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With quiet finality, the tube train drew to a stop. A long hydraulic gasp, and then silence.
For several moments no one in the crowded carriage moved. And then, as the stillness and the silence deepened, eyes began to flicker. Standing passengers peered worriedly through the windows into the blackness, as if hoping for some explanatory vision or revelation.
They were halfway between Mornington Crescent and Euston, Liz Carlyle calculated. It was five past eight, it was Monday, and she was almost certainly going to be late for work. Around her pressed the smell of other people ’s damp clothes. A wet briefcase, not her own, rested in her lap.
Nestling her chin into her velvet scarf, Liz leant back into her seat and cautiously extended her feet in front of her. She shouldn’t have worn the pointed plum-coloured shoes. She ’d bought them a couple of weeks earlier on a light-hearted and extravagant shopping trip, but now the toes were beginning to curl up from the soaking they’d received on the way to the station. From experience she knew that the rain would leave nasty indelible marks on the leather. Equally infuriatingly, the kitten heels had turned out to be just the right size to get wedged in the cracks between paving stones.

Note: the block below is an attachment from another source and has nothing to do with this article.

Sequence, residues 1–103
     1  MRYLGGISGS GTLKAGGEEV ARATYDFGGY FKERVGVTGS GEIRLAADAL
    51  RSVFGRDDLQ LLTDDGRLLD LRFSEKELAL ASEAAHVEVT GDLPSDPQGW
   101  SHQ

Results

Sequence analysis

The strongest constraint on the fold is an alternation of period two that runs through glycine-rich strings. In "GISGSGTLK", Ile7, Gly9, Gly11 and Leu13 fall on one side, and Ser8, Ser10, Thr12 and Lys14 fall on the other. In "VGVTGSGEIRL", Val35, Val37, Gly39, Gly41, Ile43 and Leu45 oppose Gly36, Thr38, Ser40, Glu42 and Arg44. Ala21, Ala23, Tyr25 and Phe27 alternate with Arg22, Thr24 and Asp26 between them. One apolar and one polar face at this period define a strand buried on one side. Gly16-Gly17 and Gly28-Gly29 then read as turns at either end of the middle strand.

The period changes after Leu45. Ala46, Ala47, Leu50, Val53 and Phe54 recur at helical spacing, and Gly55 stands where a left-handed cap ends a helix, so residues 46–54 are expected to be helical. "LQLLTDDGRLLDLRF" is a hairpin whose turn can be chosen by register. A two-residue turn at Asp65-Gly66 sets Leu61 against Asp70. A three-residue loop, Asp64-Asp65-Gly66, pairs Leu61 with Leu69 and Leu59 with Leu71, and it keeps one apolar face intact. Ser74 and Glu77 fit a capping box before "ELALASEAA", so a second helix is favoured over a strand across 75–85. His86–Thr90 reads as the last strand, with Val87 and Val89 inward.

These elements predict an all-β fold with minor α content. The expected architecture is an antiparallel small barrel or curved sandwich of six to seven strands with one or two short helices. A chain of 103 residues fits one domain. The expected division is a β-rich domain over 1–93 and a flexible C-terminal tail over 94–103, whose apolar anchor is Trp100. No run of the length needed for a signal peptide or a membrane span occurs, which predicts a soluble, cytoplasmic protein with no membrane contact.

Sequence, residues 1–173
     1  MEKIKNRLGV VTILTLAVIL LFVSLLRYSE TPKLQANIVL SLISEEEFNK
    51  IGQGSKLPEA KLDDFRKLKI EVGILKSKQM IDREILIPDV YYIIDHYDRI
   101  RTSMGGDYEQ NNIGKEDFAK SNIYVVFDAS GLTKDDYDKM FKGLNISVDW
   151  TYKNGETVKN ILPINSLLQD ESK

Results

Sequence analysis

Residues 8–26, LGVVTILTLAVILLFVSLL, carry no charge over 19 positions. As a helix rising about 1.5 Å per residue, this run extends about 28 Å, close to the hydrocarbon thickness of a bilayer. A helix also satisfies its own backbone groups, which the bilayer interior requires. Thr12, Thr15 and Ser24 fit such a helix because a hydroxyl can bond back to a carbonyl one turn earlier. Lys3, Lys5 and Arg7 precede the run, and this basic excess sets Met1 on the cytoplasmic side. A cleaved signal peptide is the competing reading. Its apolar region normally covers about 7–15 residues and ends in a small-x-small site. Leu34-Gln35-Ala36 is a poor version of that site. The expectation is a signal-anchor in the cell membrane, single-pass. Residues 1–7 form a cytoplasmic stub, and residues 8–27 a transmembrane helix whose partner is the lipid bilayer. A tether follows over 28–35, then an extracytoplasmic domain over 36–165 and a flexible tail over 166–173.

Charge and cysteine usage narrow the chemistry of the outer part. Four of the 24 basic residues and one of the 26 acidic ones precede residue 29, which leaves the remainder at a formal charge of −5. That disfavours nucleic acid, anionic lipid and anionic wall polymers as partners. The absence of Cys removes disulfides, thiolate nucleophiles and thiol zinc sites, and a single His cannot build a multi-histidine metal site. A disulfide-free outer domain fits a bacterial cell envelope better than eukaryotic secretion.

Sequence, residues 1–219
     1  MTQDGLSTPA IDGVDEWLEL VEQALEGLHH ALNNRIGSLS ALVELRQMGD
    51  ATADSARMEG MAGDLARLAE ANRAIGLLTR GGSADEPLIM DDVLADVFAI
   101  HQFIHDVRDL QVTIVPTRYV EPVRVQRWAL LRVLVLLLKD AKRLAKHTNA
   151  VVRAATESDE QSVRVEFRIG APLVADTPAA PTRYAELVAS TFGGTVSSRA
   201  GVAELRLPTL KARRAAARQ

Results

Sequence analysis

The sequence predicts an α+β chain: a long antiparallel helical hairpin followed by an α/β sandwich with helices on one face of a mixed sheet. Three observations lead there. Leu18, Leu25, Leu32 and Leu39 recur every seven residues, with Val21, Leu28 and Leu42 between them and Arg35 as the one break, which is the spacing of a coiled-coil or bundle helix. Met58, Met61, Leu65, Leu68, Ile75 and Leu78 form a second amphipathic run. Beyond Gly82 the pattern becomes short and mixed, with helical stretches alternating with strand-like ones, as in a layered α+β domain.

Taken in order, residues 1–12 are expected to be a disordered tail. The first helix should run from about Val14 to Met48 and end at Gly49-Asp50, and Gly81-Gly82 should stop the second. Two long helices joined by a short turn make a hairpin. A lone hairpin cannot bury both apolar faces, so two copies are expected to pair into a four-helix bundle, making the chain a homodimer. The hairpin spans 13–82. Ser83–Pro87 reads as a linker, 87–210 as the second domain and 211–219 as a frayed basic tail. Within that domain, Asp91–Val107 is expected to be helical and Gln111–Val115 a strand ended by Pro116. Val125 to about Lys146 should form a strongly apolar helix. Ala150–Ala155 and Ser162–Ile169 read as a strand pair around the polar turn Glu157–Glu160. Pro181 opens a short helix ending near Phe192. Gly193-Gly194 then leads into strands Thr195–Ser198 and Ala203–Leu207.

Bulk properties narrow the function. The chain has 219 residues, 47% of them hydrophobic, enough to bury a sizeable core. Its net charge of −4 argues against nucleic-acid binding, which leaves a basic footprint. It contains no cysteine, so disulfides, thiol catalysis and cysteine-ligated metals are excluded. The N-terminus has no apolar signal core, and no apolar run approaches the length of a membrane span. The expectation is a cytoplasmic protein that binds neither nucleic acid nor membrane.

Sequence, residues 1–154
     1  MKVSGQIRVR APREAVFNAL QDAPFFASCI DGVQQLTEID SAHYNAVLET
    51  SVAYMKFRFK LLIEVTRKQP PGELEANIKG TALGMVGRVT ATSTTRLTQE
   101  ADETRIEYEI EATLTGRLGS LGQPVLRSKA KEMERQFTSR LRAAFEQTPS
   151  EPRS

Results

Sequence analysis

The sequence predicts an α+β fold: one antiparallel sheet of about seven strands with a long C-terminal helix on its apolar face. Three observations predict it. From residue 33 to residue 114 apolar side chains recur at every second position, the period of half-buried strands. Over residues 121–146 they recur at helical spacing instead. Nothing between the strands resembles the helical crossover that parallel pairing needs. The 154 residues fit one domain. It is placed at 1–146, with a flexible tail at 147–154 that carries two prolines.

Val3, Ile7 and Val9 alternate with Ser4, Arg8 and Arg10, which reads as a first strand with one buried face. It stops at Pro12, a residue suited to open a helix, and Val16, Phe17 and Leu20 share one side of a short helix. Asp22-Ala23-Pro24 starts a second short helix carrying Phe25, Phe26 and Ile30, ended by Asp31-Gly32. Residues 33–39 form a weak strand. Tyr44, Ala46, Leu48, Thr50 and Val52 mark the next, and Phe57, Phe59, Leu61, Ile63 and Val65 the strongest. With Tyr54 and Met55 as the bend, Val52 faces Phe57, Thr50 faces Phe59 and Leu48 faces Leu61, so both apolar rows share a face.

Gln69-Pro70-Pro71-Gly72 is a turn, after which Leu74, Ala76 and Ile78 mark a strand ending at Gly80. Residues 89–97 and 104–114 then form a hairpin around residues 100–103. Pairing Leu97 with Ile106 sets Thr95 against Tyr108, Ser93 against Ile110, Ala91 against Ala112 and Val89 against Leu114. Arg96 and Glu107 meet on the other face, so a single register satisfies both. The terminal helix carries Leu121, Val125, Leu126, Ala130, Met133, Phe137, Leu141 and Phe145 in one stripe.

After ten years of employment at Thames House, Liz had never satisfactorily resolved the clothes issue. The accepted look, which most people seemed gradually to fall into, lay somewhere between sombre and invisible. Dark trouser suits, neat skirts and jackets, sensible shoes – the sort of stuff you found in John Lewis or Marks and Spencer.
While some of her colleagues took this to extremes, cultivating an almost Soviet drabness, Liz instinctively subverted it. She often spent Saturday afternoons combing the antique clothing stalls in Camden Market for quixotically stylish bargains which, while they infringed no Service rules, certainly raised a few eyebrows. It was a bit like school, and Liz smiled as she remembered the grey pleated skirts which could be dragged down to regulation length in the classroom and then hiked to a bum-freezing six inches above the knee for the busride home. A little fey to be fighting the same wars at thirtyfour, perhaps, but something inside her still resisted being submerged by the gravity and secrecy of work at Thames House.